The UPGMA is the simplest distance-matrix method, and it employs sequential clustering to build a rooted phylogenetic tree. It first compared all sequences are through pairwise alignment to compute the distance matrix.
Given a distance matrix, it starts by grouping two taxa with the smallest pairwise distance in the distance matrix. A node is placed at the midpoint or half distance between them. It then creates a reduced matrix by treating the new cluster as a single taxon. The distances between this new composite taxon and all remaining taxa are calculated to create a reduced matrix. The same grouping process is repeated and another newly reduced matrix is created. The iteration continues until all taxa are placed on the tree. The last taxon added is considered the outgroup producing a rooted tree. The basic assumption of the UPGMA method is that all taxa evolve at a constant rate and that they are equally distant from the root, implying that a molecular clock is in effect. Thus, UPGMA often produces erroneous tree topologies. However, owing to its fast speed of calculation, it has found extensive usage in clustering analysis of DNA microarray data.
The great disadvantage of UPGMA is that it assumes the same evolutionary speed on all lineages, i.e. the rate of mutations is constant over time and for all lineages in the tree. This is called a 'molecular clock hypothesis'.
This would mean that all leaves (terminal nodes) have the same distance from the root. In reality the individual branches are very unlikely to have the same mutation rate. Therefore, UPGMA frequently generates wrong tree topologies.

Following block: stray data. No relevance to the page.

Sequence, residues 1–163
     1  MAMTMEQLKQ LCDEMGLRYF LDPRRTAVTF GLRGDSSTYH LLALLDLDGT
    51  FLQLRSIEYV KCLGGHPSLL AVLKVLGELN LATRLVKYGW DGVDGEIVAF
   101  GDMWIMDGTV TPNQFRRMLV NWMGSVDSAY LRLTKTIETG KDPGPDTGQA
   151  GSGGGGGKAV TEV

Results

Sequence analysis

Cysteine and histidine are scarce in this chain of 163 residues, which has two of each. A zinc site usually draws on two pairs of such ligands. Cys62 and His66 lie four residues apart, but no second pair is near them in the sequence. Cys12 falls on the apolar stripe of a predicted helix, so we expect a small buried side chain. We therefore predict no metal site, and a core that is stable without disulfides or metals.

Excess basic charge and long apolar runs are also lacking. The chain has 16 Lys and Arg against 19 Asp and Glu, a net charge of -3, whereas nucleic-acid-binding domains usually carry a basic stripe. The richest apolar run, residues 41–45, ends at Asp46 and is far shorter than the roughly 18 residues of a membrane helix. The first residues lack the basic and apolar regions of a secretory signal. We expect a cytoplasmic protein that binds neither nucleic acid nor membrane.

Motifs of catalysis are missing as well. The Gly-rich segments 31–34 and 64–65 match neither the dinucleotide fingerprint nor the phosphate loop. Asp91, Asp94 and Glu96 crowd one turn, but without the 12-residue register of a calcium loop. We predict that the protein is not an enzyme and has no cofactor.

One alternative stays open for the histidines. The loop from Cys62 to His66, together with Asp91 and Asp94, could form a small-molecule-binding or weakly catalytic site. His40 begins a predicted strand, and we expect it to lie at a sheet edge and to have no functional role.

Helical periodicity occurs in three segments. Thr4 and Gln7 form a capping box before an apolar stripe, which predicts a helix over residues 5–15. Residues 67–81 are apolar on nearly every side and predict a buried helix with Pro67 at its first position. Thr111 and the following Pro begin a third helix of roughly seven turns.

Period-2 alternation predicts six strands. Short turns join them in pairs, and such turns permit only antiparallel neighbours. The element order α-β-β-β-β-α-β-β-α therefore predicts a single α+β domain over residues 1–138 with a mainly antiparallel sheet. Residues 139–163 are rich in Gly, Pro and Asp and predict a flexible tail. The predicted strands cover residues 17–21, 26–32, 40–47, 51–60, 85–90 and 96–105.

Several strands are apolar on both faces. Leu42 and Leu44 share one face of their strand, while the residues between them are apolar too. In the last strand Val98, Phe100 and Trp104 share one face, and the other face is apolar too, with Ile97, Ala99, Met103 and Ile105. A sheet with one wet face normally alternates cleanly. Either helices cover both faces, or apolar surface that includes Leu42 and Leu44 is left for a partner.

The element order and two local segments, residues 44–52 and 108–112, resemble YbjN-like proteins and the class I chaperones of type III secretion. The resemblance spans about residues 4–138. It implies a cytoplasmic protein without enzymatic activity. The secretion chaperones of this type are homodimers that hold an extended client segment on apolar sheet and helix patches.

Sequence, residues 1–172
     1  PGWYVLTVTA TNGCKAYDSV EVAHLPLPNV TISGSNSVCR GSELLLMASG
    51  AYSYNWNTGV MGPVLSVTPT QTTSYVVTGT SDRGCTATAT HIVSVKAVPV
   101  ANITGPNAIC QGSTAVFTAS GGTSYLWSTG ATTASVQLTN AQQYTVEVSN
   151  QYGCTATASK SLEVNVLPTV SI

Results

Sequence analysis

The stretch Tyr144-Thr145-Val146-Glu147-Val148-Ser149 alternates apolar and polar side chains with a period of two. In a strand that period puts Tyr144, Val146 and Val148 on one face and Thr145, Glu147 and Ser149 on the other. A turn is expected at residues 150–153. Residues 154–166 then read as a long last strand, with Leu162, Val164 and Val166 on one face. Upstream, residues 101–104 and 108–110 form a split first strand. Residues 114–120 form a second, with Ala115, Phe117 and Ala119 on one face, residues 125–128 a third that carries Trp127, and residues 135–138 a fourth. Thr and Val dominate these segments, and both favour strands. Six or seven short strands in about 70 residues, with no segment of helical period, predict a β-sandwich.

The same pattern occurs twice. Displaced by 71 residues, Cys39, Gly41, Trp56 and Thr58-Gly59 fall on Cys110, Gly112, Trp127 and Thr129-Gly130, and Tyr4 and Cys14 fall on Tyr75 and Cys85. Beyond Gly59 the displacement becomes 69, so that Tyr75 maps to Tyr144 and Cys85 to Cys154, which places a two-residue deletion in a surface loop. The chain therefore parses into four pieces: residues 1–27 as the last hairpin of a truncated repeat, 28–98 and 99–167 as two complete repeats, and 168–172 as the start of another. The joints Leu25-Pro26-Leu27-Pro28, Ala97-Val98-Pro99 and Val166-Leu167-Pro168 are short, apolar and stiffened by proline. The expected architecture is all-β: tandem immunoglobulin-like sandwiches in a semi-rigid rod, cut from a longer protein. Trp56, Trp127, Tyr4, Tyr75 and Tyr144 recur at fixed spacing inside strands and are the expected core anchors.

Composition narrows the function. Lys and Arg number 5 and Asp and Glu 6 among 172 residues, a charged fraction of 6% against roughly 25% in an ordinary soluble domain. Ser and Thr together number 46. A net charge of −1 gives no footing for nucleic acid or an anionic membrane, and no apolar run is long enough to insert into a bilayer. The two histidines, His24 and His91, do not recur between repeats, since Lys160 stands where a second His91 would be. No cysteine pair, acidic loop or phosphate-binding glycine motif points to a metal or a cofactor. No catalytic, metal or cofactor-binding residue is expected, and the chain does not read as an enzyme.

The UPGMA algorithm
UPGMA starts with a matrix of pairwise distances D[1..n, 1..m]
In this method each sample (taxon, operational taxonomic unit=OTU) is shown as a 'cluster'
It starts by assigning all clusters (samples) to a star-like tree
Find that pair (cluster i and j) with the smallest distance value in the distance matrix: D[i,j]
Define a new cluster comprising cluster i and j
Cluster i is connected by a branch to the common ancestor node. The same applies for cluster j.
Therefore, the distance D[i,j] is split onto the two branches. So, each of the two branches obtains a length of D[i,j]/2.
If i and j were the last 2 clusters, the tree is finished. If not the algorithm finds a new cluster called u.
Define the distance from u to each other cluster (k, with k <> i or j) to be an average of the distances dki and dkj.
For 'Weighted PGMA (WPGM)': dku = dki+dkj/2).
For 'Complete linkage': dku = max(dki, dkj).
For 'Single linkage': dku = min(dki, dkj).
Delete columns and rows corresponding to I and j and add one for (ij). If there are two or more groups left, go back to step 1 with one less cluster. Clusters i and j are eliminated, and cluster u is added to the tree.